But the Rabbis clearly understood this law to mean monetary compensation. The punishment needs to be commensurate with the crime and if the meaning is to literally blind the offender inequitable outcomes could result. For example, if the offender died during the removal of his eye, he would have lost both his eye and his life for poking out only one of the other person’s eyes. An injustice will occur if the offender was already blind in one eye and his good eye is to be removed because he will be left totally blind while the victim still has one good eye. How is one punished when he causes partial loss of eyesight in one eye?
Rabbi Benno Jacob finds the key in the word tachas, since that word’s use in other places in the Torah means approximate, or substitute for. For example, during the Akeda story Avraham offers a ram “tachas b’no” not an identical, not an exact equivalent, but something that is “in place of” or “instead of” his son. Here, too, the word tachas must mean something monetary that is a substitute for (or an approximation of) the value of the eye but absolutely not the eye itself. Under Torah law, retribution for physical damages is monetary compensation, except in the case of intentional homicide.
Rabbi Telushkin notes that “based on the earliest known Jewish records, Jewish courts did not blind those who deprived others of sight”. Robert Alter indicates that monetary compensation for these physical damages was widespread in ancient Near Eastern codes.
Rabbi Gunter Plaut thinks that the intention of this progressive advance in criminal law may be to limit private revenge, particularly in family and tribal feuds. These laws try to blunt the bloodthirsty search for revenge characteristic of primitive family and tribal feuds, in order to build a functioning and civilized modern society.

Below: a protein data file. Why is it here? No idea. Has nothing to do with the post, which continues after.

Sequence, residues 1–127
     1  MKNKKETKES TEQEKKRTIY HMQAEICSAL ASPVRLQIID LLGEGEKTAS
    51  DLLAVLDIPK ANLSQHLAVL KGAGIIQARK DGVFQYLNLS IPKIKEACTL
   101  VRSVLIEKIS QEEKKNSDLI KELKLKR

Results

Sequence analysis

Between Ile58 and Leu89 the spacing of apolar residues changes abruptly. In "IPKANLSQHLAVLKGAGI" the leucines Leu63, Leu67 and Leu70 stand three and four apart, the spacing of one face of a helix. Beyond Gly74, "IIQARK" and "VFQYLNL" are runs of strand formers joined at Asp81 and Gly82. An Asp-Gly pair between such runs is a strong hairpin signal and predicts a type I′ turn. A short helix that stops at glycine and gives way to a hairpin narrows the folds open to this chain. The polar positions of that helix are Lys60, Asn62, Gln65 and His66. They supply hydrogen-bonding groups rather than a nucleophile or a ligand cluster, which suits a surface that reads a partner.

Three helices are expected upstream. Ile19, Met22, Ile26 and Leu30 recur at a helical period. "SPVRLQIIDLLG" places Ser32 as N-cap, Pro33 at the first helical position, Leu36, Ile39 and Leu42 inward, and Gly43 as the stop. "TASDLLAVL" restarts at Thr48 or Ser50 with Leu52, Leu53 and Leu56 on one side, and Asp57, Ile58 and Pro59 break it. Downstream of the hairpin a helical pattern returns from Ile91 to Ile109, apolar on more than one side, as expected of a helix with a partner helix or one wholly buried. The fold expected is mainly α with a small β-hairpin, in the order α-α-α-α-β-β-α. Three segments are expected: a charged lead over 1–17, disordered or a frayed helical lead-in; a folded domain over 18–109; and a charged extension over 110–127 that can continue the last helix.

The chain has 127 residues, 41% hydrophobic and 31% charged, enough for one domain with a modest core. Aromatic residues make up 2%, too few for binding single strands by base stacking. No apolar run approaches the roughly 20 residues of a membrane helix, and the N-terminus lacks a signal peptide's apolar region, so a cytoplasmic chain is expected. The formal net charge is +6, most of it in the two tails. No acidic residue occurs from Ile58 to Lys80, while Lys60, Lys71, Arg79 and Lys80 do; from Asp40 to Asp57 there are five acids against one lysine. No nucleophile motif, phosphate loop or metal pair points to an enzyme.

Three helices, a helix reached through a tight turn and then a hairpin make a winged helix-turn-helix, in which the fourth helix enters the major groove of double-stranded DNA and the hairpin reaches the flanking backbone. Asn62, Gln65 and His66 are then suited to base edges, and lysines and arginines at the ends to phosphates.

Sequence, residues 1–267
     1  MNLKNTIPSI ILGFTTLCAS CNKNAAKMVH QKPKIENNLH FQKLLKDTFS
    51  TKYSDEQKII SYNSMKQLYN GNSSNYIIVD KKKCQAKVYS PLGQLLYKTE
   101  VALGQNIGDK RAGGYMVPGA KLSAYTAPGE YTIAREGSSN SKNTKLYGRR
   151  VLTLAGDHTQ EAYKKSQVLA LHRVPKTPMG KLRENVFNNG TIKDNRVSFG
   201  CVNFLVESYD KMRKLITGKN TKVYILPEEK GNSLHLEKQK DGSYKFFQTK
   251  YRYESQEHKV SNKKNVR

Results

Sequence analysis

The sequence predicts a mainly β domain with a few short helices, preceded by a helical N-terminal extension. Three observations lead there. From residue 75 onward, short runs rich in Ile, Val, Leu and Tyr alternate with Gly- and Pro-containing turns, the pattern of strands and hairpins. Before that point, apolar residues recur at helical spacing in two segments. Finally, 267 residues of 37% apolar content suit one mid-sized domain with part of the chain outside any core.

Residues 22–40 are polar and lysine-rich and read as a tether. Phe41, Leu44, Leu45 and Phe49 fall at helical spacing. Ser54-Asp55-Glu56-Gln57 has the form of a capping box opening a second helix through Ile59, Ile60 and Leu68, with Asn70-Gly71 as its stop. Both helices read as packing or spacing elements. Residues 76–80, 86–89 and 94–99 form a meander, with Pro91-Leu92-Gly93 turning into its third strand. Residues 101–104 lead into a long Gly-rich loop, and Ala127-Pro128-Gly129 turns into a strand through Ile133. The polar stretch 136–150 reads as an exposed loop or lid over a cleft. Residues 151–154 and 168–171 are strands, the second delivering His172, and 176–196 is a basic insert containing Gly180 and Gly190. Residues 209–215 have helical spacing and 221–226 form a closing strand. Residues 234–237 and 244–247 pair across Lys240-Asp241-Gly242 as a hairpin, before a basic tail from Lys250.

Unlike any other legal system, the Torah appears less concerned about jail time for the thief than with aiding the victim and discouraging stealing.
The thief is obligated to return the stolen object and then to pay the victim a 100% fine. In the event that an ox or sheep is stolen, the fine is five and six times the value, respectively, reflecting the importance of these animals in an agrarian society.
Rabbi Telushkin cites a later parallel in nineteenth century America when horse thieves were punished more severely than other robbers, because of the greater personal suffering experienced by the victim who was left with no means of transportation.
Stealing a person (kidnapping) with the intent of selling him into slavery is considered a capital crime, punishable by death.
On “You shall not boil a kid in its mother’s milk”
This prohibition -- which encompasses cooking, eating and benefiting from-- is the basis of subsequent Rabbinic regulations relating to eating milk and milk products together with meat and meat products. Explanations for this restriction include avoidance of the magical; preservation of the milk-giving ability of the animal; health; humanitarian (to avoid causing an animal pain); prohibition of mixing of different kinds of seeds and material for garments.
Rambam suggests that the prohibition is about avoiding idolatry—an opinion supported by recent archeological findings (cited by Rabbi Günter Plaut) that describe a then-prevailing Canaanite sacrificial rite.